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Peter W. Klein is the founder and executive director of the Global Reporting Centre

It's like a scene out of a spy thriller. Two RCMP undercover officers, posing as a literary agent and publisher, lure a kidnapper to a hotel room in Dubai, and eventually to Ottawa, to discuss a six-figure publishing deal, which requires him to disclose the details of his crime. Ali Omar Ader was allegedly complicit in the abduction, torture, rape and ransom of Canadian journalist Amanda Lindhout, and as a result of the ruse, he is now before an Ontario Superior Court on kidnapping charges.

The arrest was the culmination of a five-year-long operation, Project SLYPE, which included wiretaps, surveillance and a host of other clandestine activities. There's a certain elegance to the trickster getting tricked, and there is definitely a sense of retribution and justice that Ms. Lindhout deserves. Yet, I can't help but feel uncomfortable about federal agents posing as media professionals.

That unease may be because of the history of law-enforcement and intelligence agents masquerading as journalists, often leading to tragic consequences.

Two years ago, a group of media organizations went before an Ontario court arguing that provincial police impersonating reporters constitutes a Charter violation. They cited examples, such as when a provincial officer posing as a cameraman spied on a Mohawk protest and developed evidence for an arrest, and a case in which officers filmed protesters at Ipperwash Provincial Park, pretending to be working for the fictional United Press Associates.

In British Columbia, RCMP officers posed as a CBC crew to lure and recapture an escaped convict, and pretended to be a reporter for the Alaska Highway News while on the hunt for the people behind pipeline explosions in Dawson Creek. A Vancouver police officer pretended to be a reporter for the free daily 24 Hours to trick an anti-Olympics activist to meet at a mall, where he was ultimately arrested.

The whole point of going undercover is for an agent or officer to pretend to be someone they are not – so why should posing as a member of the media be off limits?

It would be hard to imagine cops going undercover as members of parliament or as the prime minister. If the third estate does not impersonate the second or the first, they shouldn't feel free to pose as members of the fourth estate either.

The work journalists do is based on trust, and we have to be able to safely and legitimately claim to be doing our work in good faith. When others pose as us – even with the best of intentions – trust in our work and our identity is undermined.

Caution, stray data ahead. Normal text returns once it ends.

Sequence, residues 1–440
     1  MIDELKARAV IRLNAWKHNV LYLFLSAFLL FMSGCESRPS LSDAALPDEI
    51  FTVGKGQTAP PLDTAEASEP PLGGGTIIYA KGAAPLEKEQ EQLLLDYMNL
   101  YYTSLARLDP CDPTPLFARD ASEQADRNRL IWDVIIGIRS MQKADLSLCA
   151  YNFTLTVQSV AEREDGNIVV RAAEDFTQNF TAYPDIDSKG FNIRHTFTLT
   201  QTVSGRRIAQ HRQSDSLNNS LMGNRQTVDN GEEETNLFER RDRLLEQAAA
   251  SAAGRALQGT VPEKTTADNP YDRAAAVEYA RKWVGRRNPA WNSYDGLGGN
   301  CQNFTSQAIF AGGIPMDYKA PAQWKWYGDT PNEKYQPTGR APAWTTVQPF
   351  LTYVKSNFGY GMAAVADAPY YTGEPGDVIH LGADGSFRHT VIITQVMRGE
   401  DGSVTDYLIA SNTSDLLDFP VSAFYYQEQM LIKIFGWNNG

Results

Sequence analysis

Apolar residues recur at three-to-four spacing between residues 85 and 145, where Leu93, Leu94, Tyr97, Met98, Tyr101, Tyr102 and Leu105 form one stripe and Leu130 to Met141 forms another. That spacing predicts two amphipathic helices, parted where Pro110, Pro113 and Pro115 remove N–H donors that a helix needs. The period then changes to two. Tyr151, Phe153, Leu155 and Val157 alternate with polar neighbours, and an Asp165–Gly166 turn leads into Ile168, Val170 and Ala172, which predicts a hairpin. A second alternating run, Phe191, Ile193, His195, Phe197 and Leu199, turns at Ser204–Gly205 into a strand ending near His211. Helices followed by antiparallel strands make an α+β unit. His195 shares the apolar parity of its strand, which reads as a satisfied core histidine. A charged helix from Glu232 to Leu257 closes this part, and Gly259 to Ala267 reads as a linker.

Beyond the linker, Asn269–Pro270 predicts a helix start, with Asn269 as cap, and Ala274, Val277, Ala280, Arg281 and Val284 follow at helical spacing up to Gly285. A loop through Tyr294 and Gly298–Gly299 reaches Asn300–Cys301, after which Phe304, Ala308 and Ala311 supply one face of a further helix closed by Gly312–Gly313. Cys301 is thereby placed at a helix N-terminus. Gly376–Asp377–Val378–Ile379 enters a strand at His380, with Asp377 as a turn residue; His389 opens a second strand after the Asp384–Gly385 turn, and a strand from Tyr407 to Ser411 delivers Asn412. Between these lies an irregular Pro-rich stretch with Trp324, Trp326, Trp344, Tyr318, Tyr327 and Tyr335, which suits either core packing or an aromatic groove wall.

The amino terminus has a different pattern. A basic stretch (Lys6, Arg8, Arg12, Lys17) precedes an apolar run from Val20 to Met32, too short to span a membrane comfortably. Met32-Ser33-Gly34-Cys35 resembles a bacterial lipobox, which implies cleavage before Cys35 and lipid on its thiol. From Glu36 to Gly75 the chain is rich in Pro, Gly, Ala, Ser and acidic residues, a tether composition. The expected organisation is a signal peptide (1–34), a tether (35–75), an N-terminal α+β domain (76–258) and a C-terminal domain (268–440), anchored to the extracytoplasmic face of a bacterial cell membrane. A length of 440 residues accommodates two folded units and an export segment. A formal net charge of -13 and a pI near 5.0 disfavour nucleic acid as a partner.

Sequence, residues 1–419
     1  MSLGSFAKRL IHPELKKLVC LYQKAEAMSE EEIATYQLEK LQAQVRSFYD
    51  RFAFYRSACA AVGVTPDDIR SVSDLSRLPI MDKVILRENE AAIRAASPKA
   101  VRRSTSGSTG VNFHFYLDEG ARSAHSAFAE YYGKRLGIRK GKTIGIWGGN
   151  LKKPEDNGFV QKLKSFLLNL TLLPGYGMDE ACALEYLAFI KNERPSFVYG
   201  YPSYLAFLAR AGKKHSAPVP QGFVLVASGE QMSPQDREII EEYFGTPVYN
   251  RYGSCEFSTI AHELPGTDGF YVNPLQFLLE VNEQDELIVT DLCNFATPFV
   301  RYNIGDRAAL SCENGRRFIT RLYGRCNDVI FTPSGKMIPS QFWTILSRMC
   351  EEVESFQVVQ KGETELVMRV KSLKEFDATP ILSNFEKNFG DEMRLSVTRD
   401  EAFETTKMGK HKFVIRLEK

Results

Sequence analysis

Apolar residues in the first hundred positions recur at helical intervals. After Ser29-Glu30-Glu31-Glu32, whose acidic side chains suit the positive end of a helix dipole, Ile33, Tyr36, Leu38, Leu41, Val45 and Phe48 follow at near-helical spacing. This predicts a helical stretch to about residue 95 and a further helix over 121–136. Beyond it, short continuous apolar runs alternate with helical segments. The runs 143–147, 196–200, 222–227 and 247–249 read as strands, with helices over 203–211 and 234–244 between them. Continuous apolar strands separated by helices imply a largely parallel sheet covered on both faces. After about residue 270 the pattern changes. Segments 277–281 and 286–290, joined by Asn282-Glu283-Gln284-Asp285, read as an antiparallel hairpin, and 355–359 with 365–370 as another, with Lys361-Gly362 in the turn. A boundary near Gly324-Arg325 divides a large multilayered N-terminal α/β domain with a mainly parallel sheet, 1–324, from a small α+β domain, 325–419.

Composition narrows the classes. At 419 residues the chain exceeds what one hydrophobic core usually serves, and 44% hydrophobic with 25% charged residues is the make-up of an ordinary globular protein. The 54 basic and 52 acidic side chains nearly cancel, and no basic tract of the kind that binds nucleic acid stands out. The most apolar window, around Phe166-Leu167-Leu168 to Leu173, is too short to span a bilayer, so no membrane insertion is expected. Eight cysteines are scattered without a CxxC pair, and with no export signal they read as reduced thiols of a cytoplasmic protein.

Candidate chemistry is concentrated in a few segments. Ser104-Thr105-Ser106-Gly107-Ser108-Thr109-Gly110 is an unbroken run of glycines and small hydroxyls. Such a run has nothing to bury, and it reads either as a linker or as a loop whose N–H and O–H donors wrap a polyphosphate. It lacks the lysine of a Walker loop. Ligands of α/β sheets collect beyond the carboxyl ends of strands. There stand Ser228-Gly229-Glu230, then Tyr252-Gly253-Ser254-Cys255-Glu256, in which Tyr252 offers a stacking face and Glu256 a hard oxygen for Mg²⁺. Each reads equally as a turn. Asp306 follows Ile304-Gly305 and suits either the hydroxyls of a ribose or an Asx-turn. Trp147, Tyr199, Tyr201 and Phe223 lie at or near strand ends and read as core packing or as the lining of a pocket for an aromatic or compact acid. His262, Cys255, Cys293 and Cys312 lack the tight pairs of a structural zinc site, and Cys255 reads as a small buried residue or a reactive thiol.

Associated Press reporter Terry Anderson, David Rohde of The Christian Science Monitor and the late Bob Simon of CBS News were all captured and accused of being spies while reporting. Iran has arrested a number of journalists, wrongly accusing them of being spies. Freelance reporter James Foley was suspected of working for MI6, and Daniel Pearl was accused of working for the CIA, before both men were beheaded by terrorists. When police and spies pose as journalists, they give these spurious suspicions some legitimacy.

I have had sources afraid to speak with me, fearing I may be CIA. The first time it happened, I laughed at the absurdity of the accusation, but then I learned that the CIA did pose agents as journalists for many years, and even recruited reporters to feed intelligence to the agency. It wasn't until 1976 that this practice by the CIA became outlawed.

In Canada, the practice is not explicitly forbidden, and the case before the Ontario Superior Court was testing the legality of police posing as reporters. Ultimately, the judge dismissed the Charter challenge, claiming the isolated incidents do not constitute a regular practice that warranted blanket curtailment.

In the case of the RCMP's Project SLYPE, which led to the capture of one of Ms. Lindhout's alleged kidnappers, the situation is even more complex. Agents were not posing as journalists per se, but were pretending to be making a lucrative deal for a book by the kidnapper. Literary agents and publishers may not be on the front lines of reporting, meeting with sources and risking their lives in the field, but they are nevertheless members of the fourth estate.

While I celebrate along with my media colleagues that someone who is accused of hurting one of our own is being brought to justice, I can't help worry that the methods used to achieve justice may be a slippery slope – one that could lead to journalists coming into harm's way in the future.

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